Sometimes we design training so that there are fewer players on a particular team being led by Owen. The pressure builds on that team and then we might also make sure that a number of decisions go against him. This allows him to work on his mindset. It obviously can’t be the same as playing in front of 80,000 people, while millions watch on TV, but it allows a debrief as we see how he has done in adverse circumstances. We’ll ask some simple questions. How do you think you handled it? How did you prepare? What do you think you did really well? What didn’t you like? It’s a continuing process and we will constantly review the role of captain and of the leadership group.

Jones on Maro Itoje

He’s having acting lessons but he won’t be England captain




Jones believes it was the correct decision not to appoint Maro Itoje as captain of the Lions earlier this year


Credit: PAUL CHILDS

When Maro Itoje burst onto the scene you could have come from Mars and still been able to tell that he was going to be a special player. You didn’t need any deep rugby knowledge or foresight to predict an outstanding career for him if he stayed on track.

But these are also the standout players that you have to manage carefully at the outset. He has developed really well since I gave him his debut as a substitute against Italy in 2016. Maro has a good head on his shoulders, and he doesn’t get too far ahead of himself. I think the way we dealt with him early on in his international career helped a little in establishing those good habits. We want these extraordinary players to rise slowly so they end up playing a huge amount of Test matches.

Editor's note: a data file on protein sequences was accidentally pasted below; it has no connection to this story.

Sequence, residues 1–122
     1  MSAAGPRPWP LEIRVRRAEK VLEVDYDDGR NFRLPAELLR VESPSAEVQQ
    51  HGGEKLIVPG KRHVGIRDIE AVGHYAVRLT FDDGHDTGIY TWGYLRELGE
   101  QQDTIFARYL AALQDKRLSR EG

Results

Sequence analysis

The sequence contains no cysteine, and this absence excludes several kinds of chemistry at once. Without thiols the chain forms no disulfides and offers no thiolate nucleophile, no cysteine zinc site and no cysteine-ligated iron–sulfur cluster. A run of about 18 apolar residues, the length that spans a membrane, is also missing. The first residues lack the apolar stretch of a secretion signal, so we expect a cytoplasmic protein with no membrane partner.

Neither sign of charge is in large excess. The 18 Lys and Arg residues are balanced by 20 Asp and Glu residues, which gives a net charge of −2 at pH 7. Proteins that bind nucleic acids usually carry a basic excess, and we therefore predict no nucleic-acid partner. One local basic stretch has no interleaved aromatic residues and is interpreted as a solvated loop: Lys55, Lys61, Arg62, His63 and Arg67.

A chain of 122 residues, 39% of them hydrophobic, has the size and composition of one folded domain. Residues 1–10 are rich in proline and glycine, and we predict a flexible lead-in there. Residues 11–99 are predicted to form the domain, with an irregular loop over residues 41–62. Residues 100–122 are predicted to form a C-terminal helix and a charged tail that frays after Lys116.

Maro himself needed, more than anyone else, to understand the value of patience. He needed to trust us. I think we helped him do that because he quickly came to understand that we care for him. He’s an important player for us but he’s also got a responsibility to his family and himself. It is vital that he feels he can fulfil all his personal goals while realising that the best way to do this is by applying himself to the cause of the team. If the team are flying, so will Maro Itoje.

There were lots of calls for him to be named as captain of the British and Irish Lions in South Africa in 2021. Alun Wyn Jones rightly got the job instead. That seemed sensible to me. I might be wrong, but I am not sure Maro is a future England captain. He is going to be one of the great players, but Maro is very inward looking.